Lifestyle intervention for weight loss regulated adipokine secretion. Fat cytokines synthesized and secreted by the fat tissues included adiponectin and leptin and inflammatory cytokines. Adiponectin was considered to be a preventive protective factor for obesity-related diseases such as diabetes and atherosclerosis, while leptin was a risk factor for cardiovascular disease. Obesity was often accompanied by characteristic high leptin levels and it is believed that obese people may exist leptin resistance [45, 46]. Adipocytokines were involved in regulating insulin sensitivity and affecting ovulation and fertilized egg planting. Adipocytokine secretion levels obese patients were changed, including decreased adiponectin levels, increased leptin and inflammatory of cytokines interleukin (IL)-6 and tumor necrosis factor (TNF-α) levels, which may be the possible mechanism of adverse pregnancy outcomes in obese women [21]. Adiponectin level was significantly correlated with visceral and subcutaneous fat. Subcutaneous and visceral fat decreased and adiponectin levels increased after weight loss by lifestyle intervention [22]. The prospective study of Siegrist et al. [23] showed that after 4–6 weeks of lifestyle intervention, the average weight of 402 obese subjects decreased by 8.9 kg, the serum adiponectin level increased, leptin and insulin levels decreased. Weight reduction with lifestyle intervention helped to regulate the secretion of adipokine. It may be one of the important mechanisms to improve PCOS dysfunction by weight loss.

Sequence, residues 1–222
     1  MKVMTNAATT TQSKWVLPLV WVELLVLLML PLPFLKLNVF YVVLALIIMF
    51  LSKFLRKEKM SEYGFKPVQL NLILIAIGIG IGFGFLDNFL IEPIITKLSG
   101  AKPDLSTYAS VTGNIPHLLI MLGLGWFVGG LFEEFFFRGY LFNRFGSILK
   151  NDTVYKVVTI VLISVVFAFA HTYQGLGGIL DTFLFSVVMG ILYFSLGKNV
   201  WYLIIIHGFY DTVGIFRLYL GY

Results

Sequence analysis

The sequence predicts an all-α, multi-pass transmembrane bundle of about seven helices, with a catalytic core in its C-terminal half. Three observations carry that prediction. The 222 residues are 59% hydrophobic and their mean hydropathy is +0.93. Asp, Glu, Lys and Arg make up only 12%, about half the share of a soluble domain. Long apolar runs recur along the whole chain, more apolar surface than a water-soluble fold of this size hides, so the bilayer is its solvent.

3. Effects of exercise or combination with other methods on metabolic abnormalities in PCOS patients

PCOS was an endocrine disorder syndrome which coexists with reproductive dysfunction and metabolic abnormality. The clinical symptoms and long-term complications of PCOS patients were inseparable from their metabolic dysfunction. Studies have shown that excessive androgen and abnormal lipid metabolism were the main factors leading to skin characteristics (such as acne, hairy, male alopecia, etc.) in PCOS patients. The abdominal subcutaneous adipose tissue of obese PCOS patients was closely related to insulin resistance and androgen. Overweight could lead to lower levels of sex hormone binding globulin and increased androgen and insulin secretion and insulin resistance. This vicious circle would aggravate the clinical symptoms and signs of PCOS patients [47].